Polishing, sandblasting, and washing parts

As parts came off the GT250, I quickly realized I’d need to learn how to polish all the various bits of aluminum (40 years of corrosion); something I’ve never done before.

I checked out a number of how-to guides on-line.  Some folks were doing it by hand, using all sorts of household chemicals, etc.  That just wasn’t going to cut it for me (as my Dad says, “work smarter, not harder”).

Ends up it’s very simple to polish aluminum – here’s a nice video of the technique (he’s using a big electric polisher, but the idea’s the same).

I ran over to Northern Tool and grabbed a cheap 1/4″ die grinder and some buffing wheels and polishing compounds (the compounds will indicate what metals they can be used with).  The link for the buffing wheels/compounds isn’t exactly the ones I got though.  They also sell a package with two 3″ wheels and compound for like $4-$5 dollars (their site doesn’t have it listed).  Wheels bigger than 3″ really slows down the air polisher as well (probably want to avoid them).  Be sure to squirt some WD-40 or similar into the air inlet of the grinder/polisher every day you use it – else the tool really slows down.


Some of the aluminum parts on the bike have a clear-coat finish on it (usually yellowed at this age).  The polisher will remove that as well (which is fine and necessary).  They did this to prevent corrosion from forming.  You can leave the aluminum naked (but you’ll find it picks up fingerprints very easily).  Others have reapplied clear-coat to the polished aluminum.  I decided to try ShineSeal – it supposedly gives you the best of both worlds (a nice polished look and prevents corrosion)…we’ll see how it works.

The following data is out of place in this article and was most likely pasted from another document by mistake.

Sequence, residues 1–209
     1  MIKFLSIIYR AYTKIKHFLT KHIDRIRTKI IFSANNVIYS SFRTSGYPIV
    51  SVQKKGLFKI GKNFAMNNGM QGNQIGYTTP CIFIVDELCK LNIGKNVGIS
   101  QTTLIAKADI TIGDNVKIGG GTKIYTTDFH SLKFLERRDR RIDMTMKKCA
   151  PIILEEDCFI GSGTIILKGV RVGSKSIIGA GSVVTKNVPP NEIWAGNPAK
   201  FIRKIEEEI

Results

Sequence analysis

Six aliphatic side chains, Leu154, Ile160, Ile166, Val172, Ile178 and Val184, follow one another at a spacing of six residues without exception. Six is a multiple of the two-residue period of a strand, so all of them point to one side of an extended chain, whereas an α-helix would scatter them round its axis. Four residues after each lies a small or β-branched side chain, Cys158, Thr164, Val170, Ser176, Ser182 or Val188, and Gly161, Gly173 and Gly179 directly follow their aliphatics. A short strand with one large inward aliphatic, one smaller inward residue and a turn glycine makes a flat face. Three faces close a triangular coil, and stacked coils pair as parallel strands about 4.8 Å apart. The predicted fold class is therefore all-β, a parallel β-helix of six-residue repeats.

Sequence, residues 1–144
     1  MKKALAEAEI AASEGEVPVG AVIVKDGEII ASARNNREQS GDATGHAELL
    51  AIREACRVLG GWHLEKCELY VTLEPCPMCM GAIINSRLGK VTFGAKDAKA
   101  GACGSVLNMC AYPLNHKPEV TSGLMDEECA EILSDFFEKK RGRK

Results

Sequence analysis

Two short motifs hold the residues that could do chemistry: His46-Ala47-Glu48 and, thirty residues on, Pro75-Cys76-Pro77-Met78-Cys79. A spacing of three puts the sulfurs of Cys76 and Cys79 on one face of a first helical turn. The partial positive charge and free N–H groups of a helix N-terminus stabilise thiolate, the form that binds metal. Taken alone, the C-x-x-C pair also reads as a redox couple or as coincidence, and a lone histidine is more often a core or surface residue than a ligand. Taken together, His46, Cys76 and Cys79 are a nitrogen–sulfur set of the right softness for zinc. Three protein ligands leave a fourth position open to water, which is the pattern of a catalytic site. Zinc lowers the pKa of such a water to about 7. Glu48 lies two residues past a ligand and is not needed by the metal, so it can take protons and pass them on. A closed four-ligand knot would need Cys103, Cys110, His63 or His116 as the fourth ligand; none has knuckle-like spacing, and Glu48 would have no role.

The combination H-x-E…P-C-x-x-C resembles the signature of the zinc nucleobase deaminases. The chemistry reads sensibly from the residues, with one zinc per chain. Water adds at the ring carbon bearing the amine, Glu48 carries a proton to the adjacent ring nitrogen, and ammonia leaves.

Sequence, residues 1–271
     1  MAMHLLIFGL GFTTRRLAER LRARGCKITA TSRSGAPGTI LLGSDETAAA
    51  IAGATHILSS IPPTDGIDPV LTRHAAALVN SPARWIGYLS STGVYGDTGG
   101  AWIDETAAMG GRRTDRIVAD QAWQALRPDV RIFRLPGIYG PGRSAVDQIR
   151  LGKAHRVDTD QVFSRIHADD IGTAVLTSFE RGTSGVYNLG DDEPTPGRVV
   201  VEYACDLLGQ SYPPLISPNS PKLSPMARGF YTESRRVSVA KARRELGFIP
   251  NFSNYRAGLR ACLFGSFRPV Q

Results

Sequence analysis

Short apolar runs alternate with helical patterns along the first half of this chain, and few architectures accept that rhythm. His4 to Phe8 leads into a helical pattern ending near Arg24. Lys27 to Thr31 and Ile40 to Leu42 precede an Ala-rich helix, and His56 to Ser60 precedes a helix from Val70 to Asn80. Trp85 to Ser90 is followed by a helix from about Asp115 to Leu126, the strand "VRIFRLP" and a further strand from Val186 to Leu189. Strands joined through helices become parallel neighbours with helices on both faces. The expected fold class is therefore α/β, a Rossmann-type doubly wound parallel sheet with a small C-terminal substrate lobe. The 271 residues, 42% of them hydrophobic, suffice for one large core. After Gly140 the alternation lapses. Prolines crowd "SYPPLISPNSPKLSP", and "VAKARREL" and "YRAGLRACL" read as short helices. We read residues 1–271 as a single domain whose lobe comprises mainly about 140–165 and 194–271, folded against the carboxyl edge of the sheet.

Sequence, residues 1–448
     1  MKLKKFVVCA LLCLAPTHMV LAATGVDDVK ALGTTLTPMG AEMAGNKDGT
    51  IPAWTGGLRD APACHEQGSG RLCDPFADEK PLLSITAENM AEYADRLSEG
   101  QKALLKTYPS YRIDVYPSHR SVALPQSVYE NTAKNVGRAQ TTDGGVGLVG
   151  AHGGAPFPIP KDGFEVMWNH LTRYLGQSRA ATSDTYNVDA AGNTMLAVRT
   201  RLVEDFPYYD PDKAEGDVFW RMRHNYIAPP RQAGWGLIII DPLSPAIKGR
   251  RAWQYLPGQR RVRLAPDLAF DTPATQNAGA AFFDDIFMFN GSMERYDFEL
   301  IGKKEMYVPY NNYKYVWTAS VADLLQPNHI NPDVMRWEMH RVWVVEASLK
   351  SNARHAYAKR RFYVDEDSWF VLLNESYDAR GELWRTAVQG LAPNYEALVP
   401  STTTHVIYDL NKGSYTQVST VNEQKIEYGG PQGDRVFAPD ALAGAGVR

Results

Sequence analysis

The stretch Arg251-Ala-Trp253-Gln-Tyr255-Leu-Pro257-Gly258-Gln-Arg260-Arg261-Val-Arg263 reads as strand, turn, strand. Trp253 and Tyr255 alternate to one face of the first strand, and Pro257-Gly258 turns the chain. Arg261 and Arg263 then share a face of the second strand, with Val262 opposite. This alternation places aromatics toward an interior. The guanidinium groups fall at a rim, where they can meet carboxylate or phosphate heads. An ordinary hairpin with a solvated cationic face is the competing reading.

I also used a sandblaster cabinet with glass beads (don’t get media that’s more abrasive or you’ll pit the aluminum).  A sandblaster cabinet can be had for ~$100 new, and a better one if you get it used.  This was used when the aluminum was really in bad shape.  You could eventually polish through it, but the glass beads made quicker work of it – after blasting it you can polish it easier.

Finally, as you polish you’ll want a rag of some sort to clean off the buffing wheel (you can see the guy in the video above doing that from time to time).  It helps from transferring the stuff you polished off to the new areas you’re working on.  One last tip, the spent polish will get into crevices and smaller details on the aluminum (like lettering).  I found it wasn’t easy to clean off until I squirted some brake cleaner on it…then it melted right off.

Here’s a before/after look at the aluminum (they are different parts, but both looked the same when I started), click on the photos to zoom in: